Is Remaining Independent The Way To Go?

Mixtape Madness

By Mixtape Madness

Mixtape Madness

15 Sep 2023

Words by Plamedi

With the music scene consistently evolving, the number of artists choosing to remain independent is on the rise. This raises the question: Are the days of major record labels a thing of the past?

For many musicians in the rudimentary phase of their career, one of the most praised achievements they can reach is obtaining that ever-elusive first major record deal with one of the industry’s top record labels. Up to this point, all their success can really be attributed to the sacrifices and hard work they’ve put in.

They are astonished when that first cheque comes through. Five hundred thousand British pounds hit their bank account, and it’s the largest lump sum of money they’ve ever owned in their lives. They are so proud of this accomplishment; however, the penny drops when they realize it was never even their money but instead an advance, a fancy way of saying a loan. This means the artist must pay back their initial advance through mainly album sales and streams. To add insult to injury, they are made aware that they are liable for studio costs, mixing and mastering costs, marketing, and even music video costs. Now that 500k is looking like 350k instead.

Then there are taxes, managers, living costs, and teams that also need to be paid for. So, the figure is now looking like 200k, which, don’t get it twisted, is a lot of money; however, the sad reality is that many artists don’t actually see a penny of their own until that advance has been paid, which is easier said than done.

Croydon-raised rapper, Hardy Caprio explained the reality of record deals on Twitter last year: “The people inside those buildings rinsed another broken kid from a working-class environment and they’re gonna do it again and again and the cycle continues.”
After hearing all of this you may wonder: Why is there such a hype around getting a record deal?

Well, not all artists have negative relationships with record labels, and they can be a very effective way of propelling your career into the next stratosphere. Established labels have the proven track record and contacts to help a rising star become an established figure in the scene. They have the budget and industry specialists on board to ensure an artist has the freedom to concentrate solely on the music. Being able to create art whilst leaving show bookings and marketing to a dedicated team can most definitely allow an artist to really get in their bag and put their all into a release.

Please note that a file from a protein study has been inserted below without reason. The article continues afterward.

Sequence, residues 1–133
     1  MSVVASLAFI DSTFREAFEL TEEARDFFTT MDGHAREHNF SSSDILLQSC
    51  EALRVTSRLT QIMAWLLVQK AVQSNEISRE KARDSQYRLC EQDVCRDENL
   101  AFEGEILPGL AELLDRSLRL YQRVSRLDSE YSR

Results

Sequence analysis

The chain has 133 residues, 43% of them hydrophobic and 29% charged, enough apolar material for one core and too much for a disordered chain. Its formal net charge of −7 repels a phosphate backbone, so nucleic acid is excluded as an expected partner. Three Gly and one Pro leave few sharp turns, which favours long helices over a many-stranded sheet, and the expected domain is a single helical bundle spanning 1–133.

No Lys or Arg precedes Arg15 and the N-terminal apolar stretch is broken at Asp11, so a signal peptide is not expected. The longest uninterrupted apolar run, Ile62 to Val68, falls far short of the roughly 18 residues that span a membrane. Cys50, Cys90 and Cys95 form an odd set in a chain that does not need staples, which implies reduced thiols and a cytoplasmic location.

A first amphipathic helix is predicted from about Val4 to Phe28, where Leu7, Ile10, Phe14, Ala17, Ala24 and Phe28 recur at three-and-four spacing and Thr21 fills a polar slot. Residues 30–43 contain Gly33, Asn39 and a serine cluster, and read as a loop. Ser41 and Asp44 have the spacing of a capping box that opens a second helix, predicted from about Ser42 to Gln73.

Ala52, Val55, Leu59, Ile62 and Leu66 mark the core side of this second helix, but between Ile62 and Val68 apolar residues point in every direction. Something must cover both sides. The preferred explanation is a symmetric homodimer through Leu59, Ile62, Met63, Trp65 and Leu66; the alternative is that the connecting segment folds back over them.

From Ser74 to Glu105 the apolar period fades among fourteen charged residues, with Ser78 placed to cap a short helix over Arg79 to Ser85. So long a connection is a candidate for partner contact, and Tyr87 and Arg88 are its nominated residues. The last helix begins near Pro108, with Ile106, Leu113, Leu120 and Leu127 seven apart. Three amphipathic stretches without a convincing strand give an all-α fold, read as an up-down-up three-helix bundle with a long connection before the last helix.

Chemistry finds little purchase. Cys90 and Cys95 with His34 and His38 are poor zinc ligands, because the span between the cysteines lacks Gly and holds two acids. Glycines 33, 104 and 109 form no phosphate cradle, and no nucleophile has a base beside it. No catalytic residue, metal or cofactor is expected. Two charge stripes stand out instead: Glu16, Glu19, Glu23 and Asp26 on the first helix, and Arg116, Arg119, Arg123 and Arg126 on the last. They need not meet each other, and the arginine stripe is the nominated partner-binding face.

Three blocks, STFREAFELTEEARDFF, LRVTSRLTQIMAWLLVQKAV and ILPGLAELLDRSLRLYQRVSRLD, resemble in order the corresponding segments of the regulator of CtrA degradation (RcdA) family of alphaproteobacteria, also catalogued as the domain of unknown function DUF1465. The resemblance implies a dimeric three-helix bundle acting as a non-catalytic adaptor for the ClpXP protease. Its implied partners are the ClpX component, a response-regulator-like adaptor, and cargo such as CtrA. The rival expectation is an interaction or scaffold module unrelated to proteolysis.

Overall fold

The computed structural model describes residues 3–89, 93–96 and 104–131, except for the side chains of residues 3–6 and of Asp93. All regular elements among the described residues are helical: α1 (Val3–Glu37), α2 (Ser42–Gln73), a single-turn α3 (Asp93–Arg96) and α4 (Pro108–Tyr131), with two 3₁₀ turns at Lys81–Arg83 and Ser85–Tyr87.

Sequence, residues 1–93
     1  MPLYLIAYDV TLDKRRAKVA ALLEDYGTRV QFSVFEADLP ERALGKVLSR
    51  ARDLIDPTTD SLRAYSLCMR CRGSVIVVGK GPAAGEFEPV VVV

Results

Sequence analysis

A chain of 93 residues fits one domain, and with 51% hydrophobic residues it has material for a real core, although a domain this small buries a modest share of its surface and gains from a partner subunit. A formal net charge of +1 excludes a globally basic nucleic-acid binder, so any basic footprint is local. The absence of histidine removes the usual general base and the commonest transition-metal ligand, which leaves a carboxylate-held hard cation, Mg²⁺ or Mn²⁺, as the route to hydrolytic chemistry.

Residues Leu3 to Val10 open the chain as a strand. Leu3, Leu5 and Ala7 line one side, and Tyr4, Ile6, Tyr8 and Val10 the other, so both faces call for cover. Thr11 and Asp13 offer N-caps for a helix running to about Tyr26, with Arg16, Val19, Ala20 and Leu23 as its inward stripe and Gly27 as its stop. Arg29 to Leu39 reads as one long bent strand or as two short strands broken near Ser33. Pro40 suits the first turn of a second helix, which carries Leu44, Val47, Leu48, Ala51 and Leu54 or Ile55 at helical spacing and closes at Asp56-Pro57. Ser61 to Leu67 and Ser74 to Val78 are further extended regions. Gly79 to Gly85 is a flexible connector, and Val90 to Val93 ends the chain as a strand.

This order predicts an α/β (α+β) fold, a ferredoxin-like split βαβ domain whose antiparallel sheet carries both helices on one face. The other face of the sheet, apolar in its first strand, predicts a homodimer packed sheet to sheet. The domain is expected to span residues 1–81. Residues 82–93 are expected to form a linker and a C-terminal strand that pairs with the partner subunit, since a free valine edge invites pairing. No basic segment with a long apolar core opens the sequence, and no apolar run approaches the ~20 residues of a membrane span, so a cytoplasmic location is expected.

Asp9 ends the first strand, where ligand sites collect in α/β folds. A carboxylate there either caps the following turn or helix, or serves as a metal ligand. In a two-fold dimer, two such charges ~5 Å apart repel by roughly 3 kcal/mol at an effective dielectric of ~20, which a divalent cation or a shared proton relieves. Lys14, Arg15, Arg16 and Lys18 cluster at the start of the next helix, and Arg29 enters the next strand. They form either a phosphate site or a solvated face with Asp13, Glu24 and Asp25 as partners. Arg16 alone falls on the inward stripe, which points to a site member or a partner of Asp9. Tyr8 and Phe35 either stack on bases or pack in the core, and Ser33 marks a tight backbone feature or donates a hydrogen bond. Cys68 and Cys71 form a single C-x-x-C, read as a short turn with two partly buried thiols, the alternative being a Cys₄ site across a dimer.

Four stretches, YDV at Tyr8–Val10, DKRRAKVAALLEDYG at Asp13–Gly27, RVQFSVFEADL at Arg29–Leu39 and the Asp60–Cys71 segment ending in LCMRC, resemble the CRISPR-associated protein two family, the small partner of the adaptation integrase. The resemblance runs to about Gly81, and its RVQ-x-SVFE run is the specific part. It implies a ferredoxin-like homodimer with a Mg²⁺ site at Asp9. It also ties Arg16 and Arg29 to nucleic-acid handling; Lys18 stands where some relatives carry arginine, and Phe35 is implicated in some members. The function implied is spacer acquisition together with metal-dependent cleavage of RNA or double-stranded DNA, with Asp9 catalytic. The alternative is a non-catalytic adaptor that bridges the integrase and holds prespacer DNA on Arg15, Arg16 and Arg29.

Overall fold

Artists have also been able to retain all their masters in distribution deals with record labels. For example, the likes of Stormzy, J Hus and most recently Central Cee have all signed extremely advantageous deals. But to do this you need leverage and a lot of it.

One of the most significant shifts in attitudes currently observed within the music industry is the move away from developing relatively unknown artists. Instead, record labels are opting to sign musicians who have already built cult audiences and followings on TikTok or have had a viral song on TikTok, along with around 50k monthly listeners on Spotify.
Times have changed, and more artists are now sharing their experiences with major record labels. One of the more recent high-profile cases is undoubtedly London-based pop/R&B artist Raye. Last year, she opened up about her seven-year stint at Polydor Records, during which there were moments when she felt creatively stifled, especially after the label head who had signed her left the label.

In an interview with the Guardian, Raye explained how she grew very frustrated with her circumstances: “I have [was] been signed to a major label since 2014 and I have had albums and albums of music sat in folders collecting dust, songs I am now giving away to A-list artists because I am still awaiting confirmation that I am good enough to release an album.”

Talent was never the issue in Raye’s case. Since going independent, the artist has rekindled her love for music, and her track “Escapism” has amassed 573 million streams, all without the support of a major record label. This achievement stands as a major win for the independent music scene.

Now, what remains to be seen is how the establishment will react and adapt to the numerous changes the industry faces. Methods of artist discovery have shifted from in-person (IRL) to online, and as a result, bonafide superstars are emerging from their bedrooms rather than from the dazzling lights of live gigs. However, what we do know is that the record industry successfully navigated the advent of streaming platforms and seamlessly adapted to them. So, what makes this any different?